Since 1987, Barnes has taught her unique methodology to thousands of children and in 1995 opened her first Dawn Barnes Karate Kids studio at 1207 Seventh St. in Santa Monica, California. This past October, a second studio opened at 17205 Ventura Boulevard in Encino, with hundreds of children rushing to sign on in the first few weeks alone.

“Immediately following the events of September 11th, parents told us their children were confused and fearful of things such as their own school being a target for terror. Other reactions included feelings of anxiety, anger, overly-aggressive behavior, and a general sense of mistrust,” explained Barnes.

By taking her classes, parents report they have observed in their children, “…an increase in confidence, focus and general physical ability”, “…she is full of self-confidence and more in control of her body,”  “…overcame his fear of flying,” “…able to discern in their play with others what is appropriate and what is too physically aggressive.”

When Barnes opened her own studio, she ignored the traditional concept of a discipline-demanding karate dojo. From the start, her premise was to treat children with respect, loving kindness and constant reinforcement for their efforts, understanding that all people advance at their own pace and must find their own way. Every effort is rewarded with applause by the group, badges and animal cards and lots of warm hugs and encouraging words.

“Just coming to class is a sign of achievement and courage, for both children and adults. Each step along the way must be met with re-enforcement and appreciation of that particular individual. That, to me, is the real role of a Sensei,” comments Barnes.

Her physical studios are also a huge diversion from the typical black and white, locker-room like dojo. They also have an appearance quite different from the usual children’s classroom. Created by Hollywood set designer Clarence Major, the new Encino space was inspired by poetry and reflects both the designer’s attention to the power of the number three and the art of feng shui, creating a place of harmony and balance supportive of Barnes’ overall philosophy and teachings.

A healthy restaurant next door offers a one-way mirror for patrons to observe the delightful demonstration as the little ones practice their yoga and martial arts. The lobby provides an area for parents to gather in a serene Zen garden-like setting, while watching their children through glass walls.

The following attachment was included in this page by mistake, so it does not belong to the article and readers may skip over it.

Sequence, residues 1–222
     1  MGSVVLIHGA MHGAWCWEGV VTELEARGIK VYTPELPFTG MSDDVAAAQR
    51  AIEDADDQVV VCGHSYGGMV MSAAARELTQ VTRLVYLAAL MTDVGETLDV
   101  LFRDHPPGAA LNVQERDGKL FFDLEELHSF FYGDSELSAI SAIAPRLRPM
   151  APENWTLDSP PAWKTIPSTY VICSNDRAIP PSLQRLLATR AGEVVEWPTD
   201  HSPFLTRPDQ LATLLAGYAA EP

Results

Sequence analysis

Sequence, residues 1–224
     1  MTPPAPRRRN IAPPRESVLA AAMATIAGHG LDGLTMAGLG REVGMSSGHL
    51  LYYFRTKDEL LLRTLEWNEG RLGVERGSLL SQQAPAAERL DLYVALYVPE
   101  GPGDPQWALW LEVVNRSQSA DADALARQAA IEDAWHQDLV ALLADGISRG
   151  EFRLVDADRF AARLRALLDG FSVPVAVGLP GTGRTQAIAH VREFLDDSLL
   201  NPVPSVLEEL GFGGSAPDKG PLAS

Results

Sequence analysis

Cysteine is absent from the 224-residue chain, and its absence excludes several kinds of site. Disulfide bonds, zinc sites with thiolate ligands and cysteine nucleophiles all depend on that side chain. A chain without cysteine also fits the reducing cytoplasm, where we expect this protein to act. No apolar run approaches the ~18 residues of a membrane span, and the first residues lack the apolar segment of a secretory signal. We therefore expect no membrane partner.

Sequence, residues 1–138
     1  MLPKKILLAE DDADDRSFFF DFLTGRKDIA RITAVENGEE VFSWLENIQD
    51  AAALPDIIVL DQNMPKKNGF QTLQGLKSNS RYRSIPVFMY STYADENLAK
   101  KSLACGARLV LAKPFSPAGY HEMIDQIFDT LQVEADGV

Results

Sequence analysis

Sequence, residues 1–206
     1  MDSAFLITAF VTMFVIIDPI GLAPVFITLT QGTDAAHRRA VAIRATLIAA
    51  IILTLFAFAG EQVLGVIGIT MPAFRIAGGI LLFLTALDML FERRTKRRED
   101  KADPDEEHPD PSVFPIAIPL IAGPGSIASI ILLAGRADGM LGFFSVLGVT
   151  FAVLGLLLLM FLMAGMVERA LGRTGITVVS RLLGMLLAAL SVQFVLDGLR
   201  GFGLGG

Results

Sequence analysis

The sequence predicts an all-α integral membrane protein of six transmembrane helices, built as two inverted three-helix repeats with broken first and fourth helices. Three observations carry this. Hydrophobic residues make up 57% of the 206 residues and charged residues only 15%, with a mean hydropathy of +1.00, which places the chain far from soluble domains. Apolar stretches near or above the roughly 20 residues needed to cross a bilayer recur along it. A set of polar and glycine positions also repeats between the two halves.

Parents enjoy watching their children so much, in fact, they regularly request that Barnes offer adult classes. In January 2002, ongoing Women’s Self-Defense classes begin, focusing on fitness and street defense.

“Adults have the same fears as their children. I know how much courage it takes to get the initiative to step into the dojo and say “I’m ready to learn’. I’ve been there,” said Barnes. “But the result is astounding. This month, two women, both housewives in their forties, will earn their black belt. They will tell you they both wanted to quit many times, but the confidence they’ve gained has truly changed their experience of life for the better.”

Her plans include opening Dawn Barnes Karate Kids studios in selected cities throughout the U.S. over the next few years. She released her first children’s video last year and intends to produce additional videos, books and also a television series for children.

This month she achieved her third degree black belt and became one of only about 20 women in the U.S. to earn that designation in the rigorous Shotokan style. She immediately set her next goal: to attain her fourth degree belt and win the World Karate Championships Masters division.

“What can possibly be more important than giving our children the opportunity to find the courage inside them to be all they can be? It works. And it’s awesome, “ Barnes exclaimed.

Check out www.karatekids.net  on the web. The studio phone numbers are (310) 393-1312 in Santa Monica and (818) 789-4400 in Encino.